The last month has been a whirlwind for Spider-Man fans as word came out that the character was leaving the Marvel Cinematic Universe, only for a major new deal to be struck that will keep Peter Parker around for at least two more movies. And while it seems like a no brainer that the sequel to Spider-Man: Far From Home had to be done with Marvel Studios, the finer details between Disney and Sony Pictures still had to be ironed out, and it all came down to profits and cost.
For the first two films, Sony only paid Marvel Studios a production fee, essentially hiring Kevin Feige to make the movie while they took in all of the profits. It seemed to be a win-win situation as Disney still retains all of the merchandising rights related to Spider-Man. But the production fee only amounted to around 5 percent of the grosses of the Spider-Man movies, according to the report.
Disney attempted to secure a more lucrative 50-50 financing deal for Spider-Man 3, which Sony flatly turned down and eventually turned into a major sticking point in the negotiations. But the current deal is still in Disney's favor compared to the original plan, with them now taking 25 percent of the profits from the upcoming movie.
"I am thrilled that Spidey's journey in the MCU will continue, and I and all of us at Marvel Studios are very excited that we get to keep working on it," Feige said when the new deal was first announced. "Spider-Man is a powerful icon and hero whose story crosses all ages and audiences around the globe. He also happens to be the only hero with the superpower to cross cinematic universes, so as Sony continues to develop their own Spidey-verse you never know what surprises the future might hold."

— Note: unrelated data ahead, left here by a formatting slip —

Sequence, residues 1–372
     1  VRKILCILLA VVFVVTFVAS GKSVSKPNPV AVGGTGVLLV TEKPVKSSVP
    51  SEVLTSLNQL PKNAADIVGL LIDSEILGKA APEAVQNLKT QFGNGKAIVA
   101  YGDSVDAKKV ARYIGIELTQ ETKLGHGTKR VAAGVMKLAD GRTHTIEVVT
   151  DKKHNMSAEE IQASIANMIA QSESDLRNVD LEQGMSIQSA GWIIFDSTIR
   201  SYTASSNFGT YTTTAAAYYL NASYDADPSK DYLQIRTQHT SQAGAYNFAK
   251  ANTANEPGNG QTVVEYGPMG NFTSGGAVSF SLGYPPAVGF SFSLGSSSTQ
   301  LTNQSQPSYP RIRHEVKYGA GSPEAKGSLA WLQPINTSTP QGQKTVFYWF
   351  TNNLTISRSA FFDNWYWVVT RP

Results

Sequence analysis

The current deal is only for Marvel Studios to produce a third Spider-Man movie as well as include the character in an upcoming MCU movie. Beyond that, it's not clear if Peter Parker will stick around or transition to be the lynchpin of Sony's own budding franchise of Spider-Man spinoffs — that will likely be left to another round of negotiations between the two studios.